Date of Award
Doctor of Philosophy (PhD)
Complex systems in which a population of dynamic units interact with each other are prevalent in nature and human society in different scales. These systems often require an appropriate excitation, an optimal hierarchical organization, or a periodic dynamical structure, such as synchrony, to function as desired or operate optimally. In many emerging applications, such as brain stimulation and quantum pulse design, the dynamics of such population systems can only be regulated by the application of a single or sparsely distributed external inputs in order to alter their state configurations or dynamic structures. This control paradigm gives rise to challenging problems regarding robust control and computation for underactuated ensembles. The focus of this dissertation is to address theoretical and computational challenges for engineering dynamic structures in ensemble and networked systems, using both data-driven and model-based perspectives. In particular, an iterative method is presented to find optimal controls for driving ensemble systems, e.g., for pattern formation. Then, a unified data-driven method is introduced to efficiently reveal the dynamic topology and learn mathematical models of ensemble and networked systems when a reliable model is not available. To demonstrate the robustness and applicability of these model-based and data-driven methods, several practical control design and inference problems are included in this dissertation. These include the design of optimal broadband pulses in nuclear magnetic resonance (NMR) spectroscopy and imaging (MRI), and the recovery of time-varying topology of oscillatory networks for understanding functional connectivity of circadian cells or social synchronization of groups of mice.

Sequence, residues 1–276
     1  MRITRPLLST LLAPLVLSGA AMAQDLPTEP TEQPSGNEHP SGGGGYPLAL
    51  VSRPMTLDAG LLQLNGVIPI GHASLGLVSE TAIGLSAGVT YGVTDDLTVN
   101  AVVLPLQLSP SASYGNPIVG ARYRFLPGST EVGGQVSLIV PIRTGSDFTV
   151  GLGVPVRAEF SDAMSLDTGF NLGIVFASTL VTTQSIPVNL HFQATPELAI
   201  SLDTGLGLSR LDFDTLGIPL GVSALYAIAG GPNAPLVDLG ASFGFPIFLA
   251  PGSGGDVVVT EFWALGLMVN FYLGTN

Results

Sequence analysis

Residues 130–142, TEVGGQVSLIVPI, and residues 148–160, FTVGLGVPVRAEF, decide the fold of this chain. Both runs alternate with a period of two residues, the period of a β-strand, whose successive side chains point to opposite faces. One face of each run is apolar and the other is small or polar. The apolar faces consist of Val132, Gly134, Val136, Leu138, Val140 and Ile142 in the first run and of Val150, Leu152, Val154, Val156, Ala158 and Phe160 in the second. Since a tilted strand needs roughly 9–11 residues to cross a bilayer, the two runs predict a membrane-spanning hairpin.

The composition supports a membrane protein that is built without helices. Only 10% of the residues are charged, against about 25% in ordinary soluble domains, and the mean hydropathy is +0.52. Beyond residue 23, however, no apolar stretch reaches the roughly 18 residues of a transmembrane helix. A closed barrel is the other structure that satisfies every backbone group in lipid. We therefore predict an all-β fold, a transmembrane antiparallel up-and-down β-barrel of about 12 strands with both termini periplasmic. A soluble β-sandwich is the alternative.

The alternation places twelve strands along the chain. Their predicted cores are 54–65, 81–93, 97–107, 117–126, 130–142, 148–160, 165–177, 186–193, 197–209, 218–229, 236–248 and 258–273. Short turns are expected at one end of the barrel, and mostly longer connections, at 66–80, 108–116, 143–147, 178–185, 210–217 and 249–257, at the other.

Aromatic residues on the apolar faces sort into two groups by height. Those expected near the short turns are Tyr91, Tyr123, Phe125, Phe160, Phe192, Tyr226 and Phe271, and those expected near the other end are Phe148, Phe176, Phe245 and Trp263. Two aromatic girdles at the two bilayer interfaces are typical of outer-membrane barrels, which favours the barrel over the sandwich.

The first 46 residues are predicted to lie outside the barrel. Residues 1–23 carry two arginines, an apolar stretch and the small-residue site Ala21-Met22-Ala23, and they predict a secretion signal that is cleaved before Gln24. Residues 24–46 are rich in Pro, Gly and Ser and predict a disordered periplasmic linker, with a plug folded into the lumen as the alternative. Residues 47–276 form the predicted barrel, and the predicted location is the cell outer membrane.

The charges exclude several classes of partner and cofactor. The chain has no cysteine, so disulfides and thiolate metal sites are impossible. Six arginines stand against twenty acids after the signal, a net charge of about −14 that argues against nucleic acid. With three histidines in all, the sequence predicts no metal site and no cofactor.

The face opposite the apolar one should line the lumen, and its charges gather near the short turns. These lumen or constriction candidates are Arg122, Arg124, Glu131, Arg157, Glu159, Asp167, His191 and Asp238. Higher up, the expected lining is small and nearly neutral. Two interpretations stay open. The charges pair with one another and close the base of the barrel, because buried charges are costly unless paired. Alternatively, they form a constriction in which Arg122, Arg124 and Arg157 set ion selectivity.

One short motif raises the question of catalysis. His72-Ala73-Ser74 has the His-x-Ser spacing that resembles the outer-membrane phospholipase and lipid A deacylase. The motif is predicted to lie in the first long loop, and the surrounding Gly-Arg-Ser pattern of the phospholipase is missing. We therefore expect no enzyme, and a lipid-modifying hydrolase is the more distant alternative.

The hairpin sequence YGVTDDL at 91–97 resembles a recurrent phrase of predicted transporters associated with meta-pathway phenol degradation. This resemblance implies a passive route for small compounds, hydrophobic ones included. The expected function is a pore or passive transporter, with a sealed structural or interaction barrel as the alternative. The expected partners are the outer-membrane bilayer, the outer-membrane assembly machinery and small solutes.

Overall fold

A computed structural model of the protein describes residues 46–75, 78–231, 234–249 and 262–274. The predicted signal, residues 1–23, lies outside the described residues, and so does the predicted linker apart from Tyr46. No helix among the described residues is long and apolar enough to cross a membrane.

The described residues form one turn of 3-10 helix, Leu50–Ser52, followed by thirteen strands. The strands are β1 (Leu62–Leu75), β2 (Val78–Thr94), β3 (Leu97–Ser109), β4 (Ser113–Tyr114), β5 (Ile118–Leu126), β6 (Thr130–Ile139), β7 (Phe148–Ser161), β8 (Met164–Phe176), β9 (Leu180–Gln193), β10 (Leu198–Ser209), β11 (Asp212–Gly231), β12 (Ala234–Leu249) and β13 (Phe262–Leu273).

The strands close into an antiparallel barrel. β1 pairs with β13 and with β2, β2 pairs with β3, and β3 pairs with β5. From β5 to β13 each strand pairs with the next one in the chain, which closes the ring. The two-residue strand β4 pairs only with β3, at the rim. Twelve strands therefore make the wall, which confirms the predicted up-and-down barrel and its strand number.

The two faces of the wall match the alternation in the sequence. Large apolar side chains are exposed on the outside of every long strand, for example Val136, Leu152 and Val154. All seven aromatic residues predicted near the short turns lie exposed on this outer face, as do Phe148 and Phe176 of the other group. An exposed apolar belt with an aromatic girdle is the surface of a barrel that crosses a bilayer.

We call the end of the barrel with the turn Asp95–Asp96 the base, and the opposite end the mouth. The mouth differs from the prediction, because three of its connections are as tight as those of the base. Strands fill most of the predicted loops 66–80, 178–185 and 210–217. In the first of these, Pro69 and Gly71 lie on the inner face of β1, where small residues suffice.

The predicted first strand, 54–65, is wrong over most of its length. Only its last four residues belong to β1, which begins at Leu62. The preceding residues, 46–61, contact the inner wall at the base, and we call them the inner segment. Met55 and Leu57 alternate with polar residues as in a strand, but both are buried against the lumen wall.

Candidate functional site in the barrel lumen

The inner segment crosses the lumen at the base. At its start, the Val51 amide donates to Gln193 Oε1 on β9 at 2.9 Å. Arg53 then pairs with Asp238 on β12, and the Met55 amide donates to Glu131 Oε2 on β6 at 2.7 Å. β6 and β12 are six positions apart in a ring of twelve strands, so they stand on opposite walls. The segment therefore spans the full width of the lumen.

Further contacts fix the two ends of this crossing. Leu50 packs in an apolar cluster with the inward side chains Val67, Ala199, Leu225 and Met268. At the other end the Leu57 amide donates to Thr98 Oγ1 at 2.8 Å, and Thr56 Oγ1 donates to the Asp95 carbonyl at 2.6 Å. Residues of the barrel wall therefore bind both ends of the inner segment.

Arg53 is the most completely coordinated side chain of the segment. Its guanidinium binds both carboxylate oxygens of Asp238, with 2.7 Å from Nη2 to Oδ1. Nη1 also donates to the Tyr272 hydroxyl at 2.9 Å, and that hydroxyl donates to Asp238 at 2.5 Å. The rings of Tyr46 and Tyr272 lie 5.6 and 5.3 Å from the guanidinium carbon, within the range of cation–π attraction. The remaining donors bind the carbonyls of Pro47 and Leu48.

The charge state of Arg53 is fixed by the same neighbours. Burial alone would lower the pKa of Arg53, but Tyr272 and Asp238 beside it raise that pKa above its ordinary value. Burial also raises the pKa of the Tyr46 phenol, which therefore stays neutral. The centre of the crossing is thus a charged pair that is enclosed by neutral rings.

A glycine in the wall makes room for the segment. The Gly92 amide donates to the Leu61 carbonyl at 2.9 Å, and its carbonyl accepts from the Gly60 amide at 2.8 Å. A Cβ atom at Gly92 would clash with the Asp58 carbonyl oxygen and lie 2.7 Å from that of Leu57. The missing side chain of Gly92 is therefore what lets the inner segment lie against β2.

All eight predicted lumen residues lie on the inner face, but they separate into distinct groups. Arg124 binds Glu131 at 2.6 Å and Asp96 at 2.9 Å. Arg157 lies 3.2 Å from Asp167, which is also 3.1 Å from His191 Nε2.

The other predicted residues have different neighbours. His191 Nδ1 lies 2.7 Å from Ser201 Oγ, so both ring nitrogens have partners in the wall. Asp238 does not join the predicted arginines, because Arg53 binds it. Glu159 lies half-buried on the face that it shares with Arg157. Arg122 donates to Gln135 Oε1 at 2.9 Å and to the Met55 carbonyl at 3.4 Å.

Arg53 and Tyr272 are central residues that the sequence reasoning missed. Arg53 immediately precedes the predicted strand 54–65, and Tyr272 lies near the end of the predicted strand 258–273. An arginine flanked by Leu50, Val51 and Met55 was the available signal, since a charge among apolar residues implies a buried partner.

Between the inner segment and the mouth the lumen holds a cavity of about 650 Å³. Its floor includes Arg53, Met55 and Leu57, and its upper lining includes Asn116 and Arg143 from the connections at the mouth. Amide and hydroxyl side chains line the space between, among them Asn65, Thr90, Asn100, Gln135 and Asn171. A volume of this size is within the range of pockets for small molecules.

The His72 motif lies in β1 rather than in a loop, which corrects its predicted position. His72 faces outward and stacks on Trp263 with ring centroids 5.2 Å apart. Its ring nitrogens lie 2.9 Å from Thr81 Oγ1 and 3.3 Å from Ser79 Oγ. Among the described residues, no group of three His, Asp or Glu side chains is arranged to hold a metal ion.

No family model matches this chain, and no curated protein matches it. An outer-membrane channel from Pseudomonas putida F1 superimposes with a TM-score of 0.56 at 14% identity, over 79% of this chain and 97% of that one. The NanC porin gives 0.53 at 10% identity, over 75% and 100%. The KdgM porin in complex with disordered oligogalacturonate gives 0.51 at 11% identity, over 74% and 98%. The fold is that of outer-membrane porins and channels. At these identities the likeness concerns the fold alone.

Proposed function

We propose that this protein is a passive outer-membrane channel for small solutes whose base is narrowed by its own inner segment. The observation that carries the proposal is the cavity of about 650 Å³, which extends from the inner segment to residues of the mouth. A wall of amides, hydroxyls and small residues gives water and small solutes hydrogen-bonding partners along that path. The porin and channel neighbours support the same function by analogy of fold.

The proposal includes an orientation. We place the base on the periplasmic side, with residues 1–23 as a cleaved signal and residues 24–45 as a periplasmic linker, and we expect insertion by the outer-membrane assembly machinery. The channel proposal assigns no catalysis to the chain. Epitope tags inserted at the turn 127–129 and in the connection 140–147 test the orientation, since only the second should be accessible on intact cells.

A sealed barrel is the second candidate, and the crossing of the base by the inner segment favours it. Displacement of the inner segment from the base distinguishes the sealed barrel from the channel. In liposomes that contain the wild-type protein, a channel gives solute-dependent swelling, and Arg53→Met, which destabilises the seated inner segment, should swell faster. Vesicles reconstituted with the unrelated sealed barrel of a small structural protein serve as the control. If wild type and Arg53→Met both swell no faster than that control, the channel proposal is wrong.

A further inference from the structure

ShiNung Ching, Istvan Z. Kiss, Joseph A. O'Sullivan, Heinz Schaettler,
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